For example, [assembly: Assembly Version("184.108.40.206")] indicates 2 as the major version, 3 as the minor version, 25 as the build number, and 1 as the revision number.
A version number such as [assembly: Assembly Version("1.2.")] specifies 1 as the major version, 2 as the minor version, and accepts the default build and revision numbers.
I would prefer to call msbuild from the commandline itself and not create another msbuild scripted file. For example look for the line that starts: "[assembly: Assembly Version" and replace it with something else.
However, if you don't have much in your Assembly (and remember you can split the Assembly into multiple cs files if you want) I'd suggest creating the file from scratch with a couple of echo statements.
This is the kind of thing I would have used Perl to do, in the past. [ 23 April 2008 – 1150am PST – I updated the script to deal with the Assembly files in a VB project, and also to deal with version numbers that have less than 4 digits. ] Set Version.ps1 # # Set the version in all the Assembly or Assembly files in any subdirectory.
When distributing a library you often run up against versioning problems, once facet of which is simply determining which version of that library your client is running.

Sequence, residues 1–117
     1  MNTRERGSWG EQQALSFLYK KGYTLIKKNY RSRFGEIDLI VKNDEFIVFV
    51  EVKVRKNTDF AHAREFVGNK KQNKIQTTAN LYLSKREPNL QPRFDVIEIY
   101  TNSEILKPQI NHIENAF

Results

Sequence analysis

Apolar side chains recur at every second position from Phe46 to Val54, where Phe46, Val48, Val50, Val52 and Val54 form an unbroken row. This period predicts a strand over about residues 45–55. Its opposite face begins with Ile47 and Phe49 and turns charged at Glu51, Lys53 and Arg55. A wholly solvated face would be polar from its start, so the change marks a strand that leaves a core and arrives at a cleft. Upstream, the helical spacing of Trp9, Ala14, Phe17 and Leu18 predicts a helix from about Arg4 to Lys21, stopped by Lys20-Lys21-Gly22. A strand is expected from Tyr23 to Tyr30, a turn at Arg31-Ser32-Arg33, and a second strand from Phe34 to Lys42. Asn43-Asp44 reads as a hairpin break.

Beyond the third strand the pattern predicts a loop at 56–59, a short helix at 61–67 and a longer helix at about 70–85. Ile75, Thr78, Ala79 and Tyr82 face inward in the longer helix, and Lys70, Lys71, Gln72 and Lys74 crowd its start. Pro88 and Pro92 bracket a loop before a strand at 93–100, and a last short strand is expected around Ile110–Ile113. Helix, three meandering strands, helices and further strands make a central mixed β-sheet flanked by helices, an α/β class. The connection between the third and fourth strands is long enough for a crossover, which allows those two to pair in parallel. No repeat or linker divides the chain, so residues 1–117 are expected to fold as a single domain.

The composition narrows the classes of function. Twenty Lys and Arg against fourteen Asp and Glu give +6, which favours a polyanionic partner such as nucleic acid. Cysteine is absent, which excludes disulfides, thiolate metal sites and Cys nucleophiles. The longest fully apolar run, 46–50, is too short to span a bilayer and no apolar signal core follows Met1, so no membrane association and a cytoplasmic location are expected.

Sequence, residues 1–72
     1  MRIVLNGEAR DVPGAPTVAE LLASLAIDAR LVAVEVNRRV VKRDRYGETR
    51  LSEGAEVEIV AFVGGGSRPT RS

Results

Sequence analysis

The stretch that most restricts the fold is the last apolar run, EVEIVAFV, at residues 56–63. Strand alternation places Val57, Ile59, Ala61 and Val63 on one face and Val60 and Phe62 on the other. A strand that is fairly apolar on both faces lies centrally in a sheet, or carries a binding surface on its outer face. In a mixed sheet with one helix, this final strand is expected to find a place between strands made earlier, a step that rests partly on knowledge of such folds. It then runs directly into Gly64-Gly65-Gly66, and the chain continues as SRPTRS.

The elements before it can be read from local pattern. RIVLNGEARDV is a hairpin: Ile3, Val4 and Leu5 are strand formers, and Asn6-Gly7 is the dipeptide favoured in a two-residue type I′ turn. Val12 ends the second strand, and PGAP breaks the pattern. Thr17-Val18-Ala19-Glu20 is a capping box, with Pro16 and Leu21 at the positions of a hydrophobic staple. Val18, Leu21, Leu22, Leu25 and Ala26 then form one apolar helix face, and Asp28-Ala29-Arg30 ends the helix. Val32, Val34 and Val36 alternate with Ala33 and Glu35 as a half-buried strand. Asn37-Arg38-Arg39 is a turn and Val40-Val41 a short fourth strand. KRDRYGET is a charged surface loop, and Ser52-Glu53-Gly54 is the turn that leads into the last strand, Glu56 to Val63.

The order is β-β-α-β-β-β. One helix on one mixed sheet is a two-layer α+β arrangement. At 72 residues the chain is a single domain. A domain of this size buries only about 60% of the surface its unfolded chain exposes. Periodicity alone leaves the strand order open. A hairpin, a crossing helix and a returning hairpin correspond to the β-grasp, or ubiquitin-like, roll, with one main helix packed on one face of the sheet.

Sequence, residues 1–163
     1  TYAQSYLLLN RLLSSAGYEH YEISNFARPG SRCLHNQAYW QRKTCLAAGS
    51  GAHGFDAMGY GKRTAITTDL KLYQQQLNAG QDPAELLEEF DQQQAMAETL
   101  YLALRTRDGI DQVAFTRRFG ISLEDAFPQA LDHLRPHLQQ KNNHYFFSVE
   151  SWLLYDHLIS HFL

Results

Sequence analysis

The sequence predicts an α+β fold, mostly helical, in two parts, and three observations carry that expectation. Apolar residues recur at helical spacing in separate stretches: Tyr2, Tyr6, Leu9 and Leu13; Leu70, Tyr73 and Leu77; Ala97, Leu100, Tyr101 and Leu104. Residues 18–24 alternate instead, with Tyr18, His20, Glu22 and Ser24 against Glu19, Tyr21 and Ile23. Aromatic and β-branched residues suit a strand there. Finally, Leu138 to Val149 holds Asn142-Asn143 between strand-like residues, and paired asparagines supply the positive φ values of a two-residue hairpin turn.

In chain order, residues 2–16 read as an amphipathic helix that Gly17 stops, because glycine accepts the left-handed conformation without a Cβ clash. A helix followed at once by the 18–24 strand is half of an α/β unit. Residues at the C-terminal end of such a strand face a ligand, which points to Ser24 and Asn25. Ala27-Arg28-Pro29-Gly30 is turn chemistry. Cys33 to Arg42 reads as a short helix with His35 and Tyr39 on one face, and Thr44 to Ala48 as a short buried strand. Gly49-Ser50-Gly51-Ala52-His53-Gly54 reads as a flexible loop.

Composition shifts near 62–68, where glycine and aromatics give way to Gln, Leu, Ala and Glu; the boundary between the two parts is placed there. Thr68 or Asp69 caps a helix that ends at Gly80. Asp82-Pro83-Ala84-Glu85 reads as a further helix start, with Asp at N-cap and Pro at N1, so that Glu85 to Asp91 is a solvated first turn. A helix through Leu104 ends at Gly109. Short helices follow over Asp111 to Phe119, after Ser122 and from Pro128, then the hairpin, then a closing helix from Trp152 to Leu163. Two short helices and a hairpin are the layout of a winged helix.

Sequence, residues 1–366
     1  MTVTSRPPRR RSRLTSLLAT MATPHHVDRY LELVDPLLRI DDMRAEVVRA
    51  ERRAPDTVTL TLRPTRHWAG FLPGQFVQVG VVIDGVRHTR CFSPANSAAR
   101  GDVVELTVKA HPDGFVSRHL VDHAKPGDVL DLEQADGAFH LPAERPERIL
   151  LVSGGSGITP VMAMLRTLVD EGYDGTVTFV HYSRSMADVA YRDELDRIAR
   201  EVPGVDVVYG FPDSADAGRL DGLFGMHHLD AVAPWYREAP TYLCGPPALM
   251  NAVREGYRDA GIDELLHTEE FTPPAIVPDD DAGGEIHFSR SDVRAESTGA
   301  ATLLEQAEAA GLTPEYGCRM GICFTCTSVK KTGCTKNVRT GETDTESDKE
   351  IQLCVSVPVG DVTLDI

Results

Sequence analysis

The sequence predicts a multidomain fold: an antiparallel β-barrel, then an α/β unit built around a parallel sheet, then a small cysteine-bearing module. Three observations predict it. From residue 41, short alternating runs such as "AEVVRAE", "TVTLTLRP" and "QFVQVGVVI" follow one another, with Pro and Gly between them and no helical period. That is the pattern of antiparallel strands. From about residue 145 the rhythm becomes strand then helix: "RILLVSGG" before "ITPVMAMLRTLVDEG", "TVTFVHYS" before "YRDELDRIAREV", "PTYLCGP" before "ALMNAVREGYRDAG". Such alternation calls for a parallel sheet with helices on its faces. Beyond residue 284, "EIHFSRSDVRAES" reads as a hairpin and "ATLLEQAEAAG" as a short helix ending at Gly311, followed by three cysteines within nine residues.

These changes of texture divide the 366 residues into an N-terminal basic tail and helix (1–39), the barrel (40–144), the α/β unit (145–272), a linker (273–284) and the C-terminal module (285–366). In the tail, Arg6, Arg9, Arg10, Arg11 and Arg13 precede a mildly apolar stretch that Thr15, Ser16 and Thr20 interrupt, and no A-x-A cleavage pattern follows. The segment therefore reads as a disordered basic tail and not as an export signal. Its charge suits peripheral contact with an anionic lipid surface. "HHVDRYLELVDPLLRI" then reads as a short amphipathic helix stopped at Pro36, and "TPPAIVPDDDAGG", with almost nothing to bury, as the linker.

A version number such as [assembly: Assembly Version("1.2.15.*")] specifies 1 as the major version, 2 as the minor version, 15 as the build number, and accepts the default revision number. The default revision number is the number of seconds since midnight local time (without taking into account time zone adjustments for daylight saving time), divided by 2.
As I am not able to write any code inside , how will I update the value of Assembly File Version.
Create a new solution-level file (I usually create a Build/ folder in the solution root, but anywhere reachable by all your projects will do) called Common Assembly
In here you can put any information common to all your assemblies, including the version number.
Get Info(repo URI, out info); [assembly: Assembly Version("220.127.116.11")] [assembly: Assembly File Version(String. You can create MS Build task for the same: see There is command line utility (Sub WCRev) that can also be used for keyword based replacement ($WCREV$ for revision) - see the example here: SVN_en/Finally, you can probably roll out your custom code (doing regex search/replace) to do the same which some (including me) has done - see one such example here: If I remember correctly, while installing Tortoise SVN, you have to select command line client tools for installation (run the installer again to get them).
Or else you can always download svn command line client.